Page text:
The ninth annual PwC Global Supply Chain Survey shows that strategy is everything when it comes to supply chain success. Businesses that realize the strategic importance of their supply chain achieve 70% higher performance and are more profitable.
In 2013, PwC surveyed more than 500 supply chain experts around the world, representing a range of industries. “The Leaders in our survey point to the future. They have supply chains that are efficient, fast and tailored — a model that lets companies serve their customers reliably in turbulent market conditions and that differentiates between the needs of different sets of customers.”
Survey results show three key drivers behind the most successful supply chains. Reducing costs remains a priority, but flexibility and perfect order delivery share the spotlight in today’s market. From retail and communications to pharmaceuticals and biotechnology, leaders in every industry know that the end-user is a vital link in any successful supply chain. They also know that their customers don’t have cookie-cutter needs. “They’ve created different supply chain configurations for different customer segments by using distinct processes and supply networks to offer different levels of service at different prices.”
PwC found that the most successful companies outsourced more than half of their manufacturing, assembly, and logistics activities. Regional facilities handle about 75% of these outsourced tasks to keep the supply chain as flexible as possible. Strategic functions, however, are almost always managed by in-house professionals, including sales, research and development, operations, and procurement.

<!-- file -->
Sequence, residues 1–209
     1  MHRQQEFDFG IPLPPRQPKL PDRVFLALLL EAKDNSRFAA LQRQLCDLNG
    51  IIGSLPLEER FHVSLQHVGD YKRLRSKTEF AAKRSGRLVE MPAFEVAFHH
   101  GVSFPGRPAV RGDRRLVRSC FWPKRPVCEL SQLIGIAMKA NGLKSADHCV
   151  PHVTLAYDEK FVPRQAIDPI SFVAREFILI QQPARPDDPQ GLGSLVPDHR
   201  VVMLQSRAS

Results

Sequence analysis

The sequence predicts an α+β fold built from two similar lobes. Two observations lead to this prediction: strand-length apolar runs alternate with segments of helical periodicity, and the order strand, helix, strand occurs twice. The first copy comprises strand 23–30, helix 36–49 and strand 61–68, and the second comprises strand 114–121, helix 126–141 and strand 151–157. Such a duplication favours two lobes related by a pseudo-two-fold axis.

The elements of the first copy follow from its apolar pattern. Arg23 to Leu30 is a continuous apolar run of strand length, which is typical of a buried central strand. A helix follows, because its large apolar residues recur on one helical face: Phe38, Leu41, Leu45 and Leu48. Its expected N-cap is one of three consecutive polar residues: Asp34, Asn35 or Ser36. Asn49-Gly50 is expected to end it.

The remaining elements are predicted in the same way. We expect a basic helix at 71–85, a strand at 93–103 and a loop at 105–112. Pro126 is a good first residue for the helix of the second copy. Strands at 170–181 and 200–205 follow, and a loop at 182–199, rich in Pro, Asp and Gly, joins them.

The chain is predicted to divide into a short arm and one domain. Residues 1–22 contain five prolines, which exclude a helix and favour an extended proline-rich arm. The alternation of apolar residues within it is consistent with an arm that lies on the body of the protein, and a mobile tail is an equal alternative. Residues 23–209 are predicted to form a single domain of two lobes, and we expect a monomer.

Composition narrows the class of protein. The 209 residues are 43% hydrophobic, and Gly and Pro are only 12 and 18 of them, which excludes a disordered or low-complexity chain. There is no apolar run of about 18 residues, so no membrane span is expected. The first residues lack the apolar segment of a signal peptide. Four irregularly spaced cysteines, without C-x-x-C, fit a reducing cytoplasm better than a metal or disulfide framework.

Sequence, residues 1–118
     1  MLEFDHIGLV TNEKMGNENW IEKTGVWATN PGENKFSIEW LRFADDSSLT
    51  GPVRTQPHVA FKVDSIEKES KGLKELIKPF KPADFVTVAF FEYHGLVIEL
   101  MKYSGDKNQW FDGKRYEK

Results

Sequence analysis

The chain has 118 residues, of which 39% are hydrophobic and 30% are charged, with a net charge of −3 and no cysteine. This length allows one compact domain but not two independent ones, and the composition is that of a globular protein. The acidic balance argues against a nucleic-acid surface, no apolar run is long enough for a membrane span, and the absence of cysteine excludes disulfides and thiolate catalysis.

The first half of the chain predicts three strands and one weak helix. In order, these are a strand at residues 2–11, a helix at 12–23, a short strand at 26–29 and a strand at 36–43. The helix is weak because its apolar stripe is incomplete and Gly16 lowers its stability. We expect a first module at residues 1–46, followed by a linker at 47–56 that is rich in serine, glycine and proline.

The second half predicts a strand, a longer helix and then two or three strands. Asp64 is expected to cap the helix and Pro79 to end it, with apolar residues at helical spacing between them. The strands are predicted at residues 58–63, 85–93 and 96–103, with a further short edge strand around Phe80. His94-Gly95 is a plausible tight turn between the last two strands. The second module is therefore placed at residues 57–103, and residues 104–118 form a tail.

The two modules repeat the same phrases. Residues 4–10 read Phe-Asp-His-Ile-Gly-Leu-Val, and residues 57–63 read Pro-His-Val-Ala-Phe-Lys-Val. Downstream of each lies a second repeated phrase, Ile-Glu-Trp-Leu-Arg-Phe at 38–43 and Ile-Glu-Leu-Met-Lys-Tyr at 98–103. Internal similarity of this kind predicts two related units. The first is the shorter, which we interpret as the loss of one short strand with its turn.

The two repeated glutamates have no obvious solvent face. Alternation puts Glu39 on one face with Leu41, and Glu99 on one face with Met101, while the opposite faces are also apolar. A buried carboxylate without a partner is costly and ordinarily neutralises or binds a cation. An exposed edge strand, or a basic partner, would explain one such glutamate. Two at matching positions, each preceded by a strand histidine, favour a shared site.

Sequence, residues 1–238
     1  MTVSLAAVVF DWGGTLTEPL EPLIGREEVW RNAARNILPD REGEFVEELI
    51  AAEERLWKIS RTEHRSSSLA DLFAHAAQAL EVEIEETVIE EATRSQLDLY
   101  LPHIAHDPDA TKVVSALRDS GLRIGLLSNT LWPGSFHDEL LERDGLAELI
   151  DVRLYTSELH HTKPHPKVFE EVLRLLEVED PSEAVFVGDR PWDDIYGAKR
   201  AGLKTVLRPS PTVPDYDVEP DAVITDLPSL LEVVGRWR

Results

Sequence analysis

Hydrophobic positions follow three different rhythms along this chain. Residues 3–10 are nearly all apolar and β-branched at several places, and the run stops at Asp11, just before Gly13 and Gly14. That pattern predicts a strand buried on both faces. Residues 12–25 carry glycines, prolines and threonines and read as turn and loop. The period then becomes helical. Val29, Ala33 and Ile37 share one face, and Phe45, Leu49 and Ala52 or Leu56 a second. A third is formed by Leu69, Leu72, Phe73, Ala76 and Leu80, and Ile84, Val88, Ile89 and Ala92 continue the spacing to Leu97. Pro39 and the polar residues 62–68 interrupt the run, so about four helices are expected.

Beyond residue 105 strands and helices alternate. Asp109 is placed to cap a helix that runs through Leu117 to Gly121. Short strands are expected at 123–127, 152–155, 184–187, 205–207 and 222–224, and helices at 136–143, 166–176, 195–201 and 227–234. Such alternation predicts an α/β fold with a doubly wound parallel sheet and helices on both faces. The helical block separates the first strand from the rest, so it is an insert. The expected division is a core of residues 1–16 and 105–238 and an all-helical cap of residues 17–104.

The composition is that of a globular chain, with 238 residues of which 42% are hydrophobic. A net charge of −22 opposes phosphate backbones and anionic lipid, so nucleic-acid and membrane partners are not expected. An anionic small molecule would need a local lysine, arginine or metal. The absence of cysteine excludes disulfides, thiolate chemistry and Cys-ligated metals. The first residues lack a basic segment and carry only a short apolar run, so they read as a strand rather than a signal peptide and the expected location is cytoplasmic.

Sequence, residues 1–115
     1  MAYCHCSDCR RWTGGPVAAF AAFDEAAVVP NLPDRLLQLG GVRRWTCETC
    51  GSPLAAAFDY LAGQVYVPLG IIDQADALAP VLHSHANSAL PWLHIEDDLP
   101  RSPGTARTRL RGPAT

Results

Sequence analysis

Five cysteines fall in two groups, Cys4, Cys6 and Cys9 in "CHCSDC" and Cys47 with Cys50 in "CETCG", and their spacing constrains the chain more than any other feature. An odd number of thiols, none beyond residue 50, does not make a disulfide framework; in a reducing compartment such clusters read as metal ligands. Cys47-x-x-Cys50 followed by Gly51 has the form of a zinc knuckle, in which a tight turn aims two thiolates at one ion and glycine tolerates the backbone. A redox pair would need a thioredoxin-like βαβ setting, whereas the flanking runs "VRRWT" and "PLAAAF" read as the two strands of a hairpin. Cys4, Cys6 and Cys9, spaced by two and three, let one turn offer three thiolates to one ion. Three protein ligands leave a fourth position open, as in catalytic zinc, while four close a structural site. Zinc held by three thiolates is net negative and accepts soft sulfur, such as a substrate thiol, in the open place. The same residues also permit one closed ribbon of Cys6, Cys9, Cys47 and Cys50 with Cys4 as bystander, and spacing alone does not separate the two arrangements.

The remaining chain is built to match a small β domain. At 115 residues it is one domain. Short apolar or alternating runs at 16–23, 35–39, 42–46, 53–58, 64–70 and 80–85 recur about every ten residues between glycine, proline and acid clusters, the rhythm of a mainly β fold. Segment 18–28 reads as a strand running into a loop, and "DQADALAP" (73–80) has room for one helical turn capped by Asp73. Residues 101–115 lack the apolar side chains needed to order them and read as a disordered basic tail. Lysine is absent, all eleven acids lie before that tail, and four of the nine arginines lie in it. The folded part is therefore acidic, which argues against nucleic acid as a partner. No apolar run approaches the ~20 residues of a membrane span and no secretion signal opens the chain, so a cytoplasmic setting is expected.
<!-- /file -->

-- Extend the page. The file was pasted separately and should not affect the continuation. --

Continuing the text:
Collaborative planning, real-time data sharing, and vendor-managed inventory are the latest techniques used by successful supply chain experts. New technology, such as radio-frequency identification (RFID) and automated systems, were also found to boost productivity. Over 65% of those surveyed believe that sustainable supply chains will become increasingly important.
The Leaders according to PwC significantly outperformed those that fell behind, but less than half of the companies surveyed seen the strategic value in their supply chain. Less than 10% think their supply chain gives the company an edge over the competition. According to PwC, “That needs to change, because better supply chain efficiency has a measurable impact. Supply chain managers across the globe need to step up to their top management and claim their rightful place as one of the major elements in the success — or failure — of their company.”
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